[Israel.pm] patterns findings

sawyer x xsawyerx at gmail.com
Wed Mar 18 10:48:18 PDT 2009

We all suggested things here and they are all very nice and good
suggestions but I think that in the end they aren't the right way to
approach this.

Basically, you have to define a set of patterns or a common element
for these patterns in some format.
There are virtually endless (or a seriously large) number of
possibilities here and it could easily fill up your memory, crash the
program and shoot the kernel's young daughter along the way. Simply
put, you trying to bruteforce your way here and it's not only risky,
problematic and difficult, but rather unlikely that you'll be able to
get what you need - in any language, might I add.

This is just a matter of trying to solve the wrong problem. Your
problem is the MySQL bottleneck. I would start by focusing on that.
There are (as Gabor kindly suggested) proper tools to evaluate your
queries. There are MySQL free tools, there is also private consulting
by MySQL experts (including but not limited to MySQL development team
themselves - very cool people by the way) since it's such a serious
business - the business of optimized queries.

If you figure "hell, I got Perl, I could try to check some stuff with
that", that's a good idea, but should be implemented from a different
angle. Try to catch whole queries and class them by time frames. Check
which queries were run when the services started having speed
problems. You could narrow it pretty quickly by taking those suspected
queries and running them in a loop and timing that to see which take
the most RAM/CPU. You could add a monitoring service to MySQL to check
the process load on it and then which processes are waiting for a long
time (it will actually show you which query is waiting and for how

I don't think anyone here can provide you with exactly what you need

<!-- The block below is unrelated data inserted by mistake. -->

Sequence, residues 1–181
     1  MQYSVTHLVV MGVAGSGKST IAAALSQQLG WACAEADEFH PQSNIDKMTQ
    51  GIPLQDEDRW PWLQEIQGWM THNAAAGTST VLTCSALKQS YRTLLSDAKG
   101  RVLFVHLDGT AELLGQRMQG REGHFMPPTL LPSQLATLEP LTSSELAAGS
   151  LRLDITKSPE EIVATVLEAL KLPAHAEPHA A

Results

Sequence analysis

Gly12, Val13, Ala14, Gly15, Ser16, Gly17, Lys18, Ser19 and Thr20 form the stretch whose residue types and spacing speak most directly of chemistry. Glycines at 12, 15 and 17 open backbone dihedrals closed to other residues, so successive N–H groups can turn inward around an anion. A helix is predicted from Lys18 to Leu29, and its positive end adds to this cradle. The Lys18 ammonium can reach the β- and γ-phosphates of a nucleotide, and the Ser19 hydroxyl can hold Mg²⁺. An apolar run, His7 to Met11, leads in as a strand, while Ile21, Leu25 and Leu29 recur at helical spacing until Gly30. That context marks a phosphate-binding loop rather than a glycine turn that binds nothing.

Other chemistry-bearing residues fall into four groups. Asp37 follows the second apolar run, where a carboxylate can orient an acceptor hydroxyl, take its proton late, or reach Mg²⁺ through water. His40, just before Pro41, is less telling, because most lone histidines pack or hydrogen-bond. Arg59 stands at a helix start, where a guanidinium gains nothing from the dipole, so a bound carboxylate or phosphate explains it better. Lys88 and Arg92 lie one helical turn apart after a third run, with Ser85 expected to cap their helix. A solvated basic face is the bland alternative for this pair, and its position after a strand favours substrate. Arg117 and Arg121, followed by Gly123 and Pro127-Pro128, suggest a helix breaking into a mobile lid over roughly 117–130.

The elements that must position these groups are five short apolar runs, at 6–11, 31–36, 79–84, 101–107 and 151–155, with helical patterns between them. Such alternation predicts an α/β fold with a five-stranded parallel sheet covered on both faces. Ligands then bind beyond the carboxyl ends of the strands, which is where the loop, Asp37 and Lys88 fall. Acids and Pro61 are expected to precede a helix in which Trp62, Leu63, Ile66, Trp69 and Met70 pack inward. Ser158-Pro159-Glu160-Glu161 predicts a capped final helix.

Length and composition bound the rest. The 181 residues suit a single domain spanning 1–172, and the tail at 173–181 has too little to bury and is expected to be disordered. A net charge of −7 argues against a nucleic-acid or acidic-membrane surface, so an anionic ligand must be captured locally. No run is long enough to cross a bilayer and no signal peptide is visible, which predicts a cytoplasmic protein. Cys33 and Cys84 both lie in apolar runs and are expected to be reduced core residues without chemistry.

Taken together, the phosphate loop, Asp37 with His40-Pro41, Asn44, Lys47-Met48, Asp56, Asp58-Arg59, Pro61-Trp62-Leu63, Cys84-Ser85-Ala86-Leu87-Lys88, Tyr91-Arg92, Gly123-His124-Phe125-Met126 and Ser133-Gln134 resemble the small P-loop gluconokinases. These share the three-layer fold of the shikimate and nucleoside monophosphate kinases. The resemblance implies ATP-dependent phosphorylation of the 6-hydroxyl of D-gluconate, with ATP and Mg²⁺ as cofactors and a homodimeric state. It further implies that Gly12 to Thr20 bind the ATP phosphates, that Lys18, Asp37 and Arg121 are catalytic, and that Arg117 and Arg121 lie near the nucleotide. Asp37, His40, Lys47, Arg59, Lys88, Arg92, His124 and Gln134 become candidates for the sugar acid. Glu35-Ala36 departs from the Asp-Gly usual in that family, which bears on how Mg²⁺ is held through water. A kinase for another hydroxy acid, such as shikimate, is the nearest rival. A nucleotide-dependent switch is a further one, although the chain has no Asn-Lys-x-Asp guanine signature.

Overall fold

because not only does it not exist, but it does not exist for a good
reason! At least that's the way I see.

Good luck with it.

On Wed, Mar 18, 2009 at 7:20 PM, Evgeny <evgeny.zislis at gmail.com> wrote:
> Another approach might be to write a log analyzer using some kind of
> parser generator, it can create statistics regarding which patterns
> are the most common and are canditates for optimization.
> It might take a couple of days to write, but something simple can be
> done with Parser::RecDescent or Parser::Yapp. And it can also be used
> for more in-depth log analysis when enhanced.
> - evgeny
> On Wed, Mar 18, 2009 at 5:17 PM, Avishalom Shalit <avishalom at gmail.com> wrote:
>> if you want a generalized pattern matcher (simple generalizations may
>> include white spaces, complex ones may include "number" patterns or
>> "Last Name" patterns)
>> i do not think a module is there just for you,
>> what i would recommend is to start going over it manually, creating
>> your own list of patterns.
>> (in which case enumerate them, and count re occurrences in an array. )
>> and once you add something to the list, grep for the lines that don't
>> match any of your patterns to see what you have left.
>> i would guess that pretty quickly you would cover over 90% of your logs.
>> then it would get slower, perhaps never reaching 100%.
>> in one word -
>> manually
>> 2009/3/18 Gabor Szabo <szabgab at gmail.com>:
>>> 2009/3/18 Yossi Itzkovich <Yossi.Itzkovich at ecitele.com>:
>>>> Gabor,
>>>> The problem is that I don't know the patterns - I want the script to find.
>>>> Let me explain the need:
>>>> We have a big tracing log of SQL queries to DB. We want to analyze it and find if there are repeating sequences of same  queries, and optimize them (make one big query, or change application code).
>>> Well, if you give a real example instead of an abstract one then you
>>> can get more help.
>>> I guess there are tools out there to analyze such log if that is a standard log.
>>> So you could either show us a few lines of the real log file or tell
>>> us what tool
>>> produced it. Is it the logging message of DBI ?
>>> If you really have no clue of what a repeating string can look like
>>> then just go with
>>> if ($str =~ /(.+).*\1/) {
>>>    print $1;
>>> }
>>> or better yet tell the thing you want the repeating string to be at
>>> least 10 characters long:
>>> if ($str =~ /(.{10,}).*\1/) {
>>>    print $1;
>>> }
>>> Gabor
>>> _______________________________________________
>>> Perl mailing list
>>> Perl at perl.org.il
>>> http://mail.perl.org.il/mailman/listinfo/perl
>> --
>> -- vish
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